Food activities and identity maintenance in old age: a systematic review and meta-synthesis.

Journal article


Atwal, A., Plaistow, N.A. and Gilhooley, M. (2014). Food activities and identity maintenance in old age: a systematic review and meta-synthesis. ageing mental health. 19 (8), pp. 667-678.
AuthorsAtwal, A., Plaistow, N.A. and Gilhooley, M.
Abstract

Abstract
OBJECTIVES:
Services provided to older people should be developed based on active ageing policies. Nutrition is one aspect of active ageing, but little is known about how food activities contribute to psychological well-being in later life. This is a systematic review of qualitative and quantitative research that answers the question 'What is known about the relationship between food activities and the maintenance of identities in old age?'.
METHODS:
We followed the preferred reporting items for systematic reviews and meta-analyses guidelines and used quality assessment parameters to complete a systematic review and narrative synthesis. Academic Search Premier, MEDLINE, CINAHL Plus, and PsycINFO databases were searched.
RESULTS:
We initially identified 8016 articles, of which 167 full-text articles were screened for inclusion. Twenty-two articles were included in the review. There was moderate evidence from nine qualitative and two quantitative studies, of variable quality, that food activities contribute to the maintenance of women's gendered identities, the ethnic identities of men and women, and community identities. There was moderate evidence from 10 qualitative studies, of variable quality, that a change in food choice and deteriorating health changed food activity participation. These changes threatened identities. Most studies included both younger adults and older adults.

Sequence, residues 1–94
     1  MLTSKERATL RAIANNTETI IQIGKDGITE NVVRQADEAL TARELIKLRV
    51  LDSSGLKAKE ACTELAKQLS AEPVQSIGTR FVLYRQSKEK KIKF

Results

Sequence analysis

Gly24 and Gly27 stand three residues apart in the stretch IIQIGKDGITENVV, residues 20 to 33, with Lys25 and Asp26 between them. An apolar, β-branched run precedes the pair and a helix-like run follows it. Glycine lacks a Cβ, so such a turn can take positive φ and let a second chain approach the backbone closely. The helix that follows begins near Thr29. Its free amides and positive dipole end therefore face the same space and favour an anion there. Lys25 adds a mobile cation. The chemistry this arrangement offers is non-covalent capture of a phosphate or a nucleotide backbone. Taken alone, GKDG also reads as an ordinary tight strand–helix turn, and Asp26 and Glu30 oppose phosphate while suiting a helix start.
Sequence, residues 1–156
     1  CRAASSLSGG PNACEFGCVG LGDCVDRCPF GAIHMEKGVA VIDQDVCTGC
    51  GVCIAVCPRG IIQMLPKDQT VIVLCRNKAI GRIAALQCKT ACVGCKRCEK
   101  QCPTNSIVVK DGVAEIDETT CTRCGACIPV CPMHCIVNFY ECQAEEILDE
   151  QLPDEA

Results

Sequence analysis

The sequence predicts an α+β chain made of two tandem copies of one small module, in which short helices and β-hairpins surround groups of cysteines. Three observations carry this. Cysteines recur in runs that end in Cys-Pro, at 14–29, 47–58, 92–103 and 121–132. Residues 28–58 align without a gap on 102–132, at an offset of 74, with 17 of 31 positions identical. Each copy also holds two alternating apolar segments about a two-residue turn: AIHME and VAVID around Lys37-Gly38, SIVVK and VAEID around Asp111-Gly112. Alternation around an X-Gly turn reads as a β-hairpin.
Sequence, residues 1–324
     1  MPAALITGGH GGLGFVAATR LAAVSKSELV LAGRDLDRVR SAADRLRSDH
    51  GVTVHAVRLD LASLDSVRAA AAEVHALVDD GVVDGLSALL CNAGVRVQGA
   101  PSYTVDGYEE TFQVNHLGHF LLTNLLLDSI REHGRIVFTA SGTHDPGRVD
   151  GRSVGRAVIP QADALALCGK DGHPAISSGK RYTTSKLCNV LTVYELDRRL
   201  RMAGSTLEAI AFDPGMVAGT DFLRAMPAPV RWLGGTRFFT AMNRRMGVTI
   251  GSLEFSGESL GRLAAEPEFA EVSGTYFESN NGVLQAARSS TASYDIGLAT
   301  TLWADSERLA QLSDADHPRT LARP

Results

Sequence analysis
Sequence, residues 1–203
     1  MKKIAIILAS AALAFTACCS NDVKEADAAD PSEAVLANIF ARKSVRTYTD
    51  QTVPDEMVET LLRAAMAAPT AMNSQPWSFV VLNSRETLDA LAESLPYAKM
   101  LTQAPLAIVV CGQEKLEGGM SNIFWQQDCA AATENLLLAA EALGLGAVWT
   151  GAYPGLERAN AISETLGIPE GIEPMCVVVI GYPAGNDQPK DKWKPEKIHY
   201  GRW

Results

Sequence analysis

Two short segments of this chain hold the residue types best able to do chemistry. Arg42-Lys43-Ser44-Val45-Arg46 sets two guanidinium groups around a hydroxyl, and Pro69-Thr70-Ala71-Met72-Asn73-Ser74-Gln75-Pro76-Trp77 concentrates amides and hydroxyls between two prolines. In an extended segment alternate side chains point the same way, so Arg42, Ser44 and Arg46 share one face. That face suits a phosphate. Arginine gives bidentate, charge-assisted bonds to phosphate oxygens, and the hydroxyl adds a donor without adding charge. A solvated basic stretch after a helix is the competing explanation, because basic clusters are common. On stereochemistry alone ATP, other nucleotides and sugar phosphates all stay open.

CONCLUSION:
In later life, there are many life experiences leading to change. Further research is needed to develop understanding of how identity and mental well-being are maintained, despite changes in everyday activities like cooking and eating. This may enable health care professionals to meet psychological needs alongside biological needs during nutritional interventions.

KeywordsHumans; Feeding Behavior; Social Identification; Gender Identity; Aging; Food; Aged; Female; Male
Year2014
Journalageing mental health
Journal citation19 (8), pp. 667-678
PublisherInforma UK Limited
ISSN1360-7863
Digital Object Identifier (DOI)doi:10.1080/13607863.2014.971707
Publication dates
Print06 Nov 2014
Online06 Nov 2014
Publication process dates
Accepted26 Jun 2014
Deposited22 Jul 2020
File
License
File Access Level
Open
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https://openresearch.lsbu.ac.uk/item/89ywy

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